5 Things to Know Before Entering Medical School
Medical school can seem scary, and it can seem like an obstacle at times. We’re here to tell you that you’re not alone. In fact, to help out a little, we’ve put together a list of five tips that an upper-year medical student says he wished he knew before he started medical school.
Enjoy the journey.
For the first few months of medical school, it’s okay to relax. The next four years are going to consist of you studying and doing hands-on work. It’s okay to go slow at first and just enjoy your time, before things get harder. But overall, medical school isn’t hard. In fact, it’s similar to any other occupation. The only difference here is that you’re taking care of living, breathing humans.
The amount of content is hard, not the content itself.
The problem with going to medical school is that it’s like drinking out of a fire hose. You’re given a semester worth of information in 2-3 weeks, and you don’t get to freeze time to learn all of it. While you’re grasping the last topic you learned over the last two weeks, your professor is moving on to the next, and it feels as though you’re constantly trying to catch up. This is your friendly reminder that you’re never going to learn everything.
Plan out what you want to learn.
It’s important for you to focus on the things you want to learn the most. You should set aside some time to focus on those specific things a little more, even though you’re already learning everything else at the same time. Remember, the way you learned things in college may be different than the way you learn things in medical school – and that is okay! The only thing that’s actually different about medical school is the amount of things you have to learn.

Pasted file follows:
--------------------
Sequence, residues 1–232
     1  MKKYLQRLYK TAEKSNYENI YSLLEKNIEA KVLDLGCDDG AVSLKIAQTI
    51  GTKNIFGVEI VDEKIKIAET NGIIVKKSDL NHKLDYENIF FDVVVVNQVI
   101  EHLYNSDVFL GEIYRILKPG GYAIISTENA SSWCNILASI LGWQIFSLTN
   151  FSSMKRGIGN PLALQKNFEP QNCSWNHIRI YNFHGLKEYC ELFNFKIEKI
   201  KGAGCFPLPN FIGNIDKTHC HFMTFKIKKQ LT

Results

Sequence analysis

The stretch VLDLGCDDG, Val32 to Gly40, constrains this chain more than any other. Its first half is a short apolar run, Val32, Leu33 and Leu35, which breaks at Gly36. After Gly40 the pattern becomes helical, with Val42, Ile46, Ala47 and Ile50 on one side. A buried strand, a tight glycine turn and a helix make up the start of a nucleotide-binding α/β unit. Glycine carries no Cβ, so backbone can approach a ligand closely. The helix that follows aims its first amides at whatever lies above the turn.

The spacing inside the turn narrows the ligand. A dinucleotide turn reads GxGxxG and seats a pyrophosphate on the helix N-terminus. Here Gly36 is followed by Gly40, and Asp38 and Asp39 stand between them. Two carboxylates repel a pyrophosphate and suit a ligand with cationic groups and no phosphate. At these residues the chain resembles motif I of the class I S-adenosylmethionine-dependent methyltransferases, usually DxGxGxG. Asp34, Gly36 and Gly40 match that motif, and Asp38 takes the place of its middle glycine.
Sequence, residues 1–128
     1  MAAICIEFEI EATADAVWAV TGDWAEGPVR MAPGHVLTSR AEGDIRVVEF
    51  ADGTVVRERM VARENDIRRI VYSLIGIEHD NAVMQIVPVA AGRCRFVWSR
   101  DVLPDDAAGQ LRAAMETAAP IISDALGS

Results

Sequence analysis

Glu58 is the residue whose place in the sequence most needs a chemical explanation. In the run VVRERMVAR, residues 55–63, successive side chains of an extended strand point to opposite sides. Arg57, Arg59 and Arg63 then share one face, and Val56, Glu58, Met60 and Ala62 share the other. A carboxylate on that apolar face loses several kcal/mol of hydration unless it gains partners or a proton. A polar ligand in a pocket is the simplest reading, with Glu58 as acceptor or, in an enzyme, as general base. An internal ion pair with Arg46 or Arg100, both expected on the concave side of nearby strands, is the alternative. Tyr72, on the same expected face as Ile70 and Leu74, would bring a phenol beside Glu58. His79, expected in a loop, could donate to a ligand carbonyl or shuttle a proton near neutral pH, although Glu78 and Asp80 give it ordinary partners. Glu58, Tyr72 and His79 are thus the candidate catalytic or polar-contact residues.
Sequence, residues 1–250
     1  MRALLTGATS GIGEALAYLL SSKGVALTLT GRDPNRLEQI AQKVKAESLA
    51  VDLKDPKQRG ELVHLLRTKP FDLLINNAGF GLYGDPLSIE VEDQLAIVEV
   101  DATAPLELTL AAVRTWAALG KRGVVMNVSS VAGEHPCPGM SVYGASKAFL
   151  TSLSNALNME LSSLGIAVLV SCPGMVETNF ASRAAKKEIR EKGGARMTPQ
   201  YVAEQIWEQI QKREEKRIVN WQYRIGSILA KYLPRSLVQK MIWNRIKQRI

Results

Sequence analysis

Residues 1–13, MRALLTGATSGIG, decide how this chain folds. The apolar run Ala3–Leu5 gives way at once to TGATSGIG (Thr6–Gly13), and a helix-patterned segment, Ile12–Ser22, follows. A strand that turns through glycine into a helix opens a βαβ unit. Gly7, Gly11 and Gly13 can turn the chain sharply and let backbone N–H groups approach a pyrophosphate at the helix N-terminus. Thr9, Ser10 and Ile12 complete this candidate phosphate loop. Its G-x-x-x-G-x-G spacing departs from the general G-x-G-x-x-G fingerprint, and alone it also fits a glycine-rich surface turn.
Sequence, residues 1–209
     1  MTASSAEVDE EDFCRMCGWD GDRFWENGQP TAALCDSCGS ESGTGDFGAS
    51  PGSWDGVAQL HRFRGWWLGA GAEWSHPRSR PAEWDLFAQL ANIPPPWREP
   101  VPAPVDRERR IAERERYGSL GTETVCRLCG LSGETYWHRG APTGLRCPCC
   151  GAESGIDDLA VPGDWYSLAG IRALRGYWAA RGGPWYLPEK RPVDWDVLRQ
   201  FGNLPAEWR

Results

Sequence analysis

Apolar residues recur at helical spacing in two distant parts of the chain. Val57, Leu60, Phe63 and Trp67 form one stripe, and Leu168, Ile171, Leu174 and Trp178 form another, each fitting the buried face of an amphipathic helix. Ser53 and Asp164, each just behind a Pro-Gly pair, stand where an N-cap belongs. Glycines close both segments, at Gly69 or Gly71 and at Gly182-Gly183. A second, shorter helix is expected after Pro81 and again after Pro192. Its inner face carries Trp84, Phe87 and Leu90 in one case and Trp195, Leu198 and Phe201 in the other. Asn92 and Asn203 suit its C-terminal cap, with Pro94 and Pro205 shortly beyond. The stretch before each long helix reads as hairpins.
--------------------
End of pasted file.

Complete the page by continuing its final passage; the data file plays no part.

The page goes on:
Find a mentor.
You should make it a priority to find an upper year mentor, or maybe a few of them. They just went through the things you’re going through, so the information is fresh in their mind. The insight an upper year mentor will have is different than the insight that an advisor or even a professor will have. Your mentor(s) can tell you pretty much anything you want to know, but it is important to have more than one mentor so that you can get different perspectives. They all are going to have advice for you, and some of it just might not work for you – and that’s okay.
Medical schools are collaborative, not competitive.
You work together in medical school, not against each other. At the end of the day, everyone has the same end goal. You all likely will be working together in the future, which means that you’re on the same team. No one is trying to compete against one another, and you’re all just trying to learn. Also, your medical school will likely be pass/fail. This means that there won’t be comparison between students.
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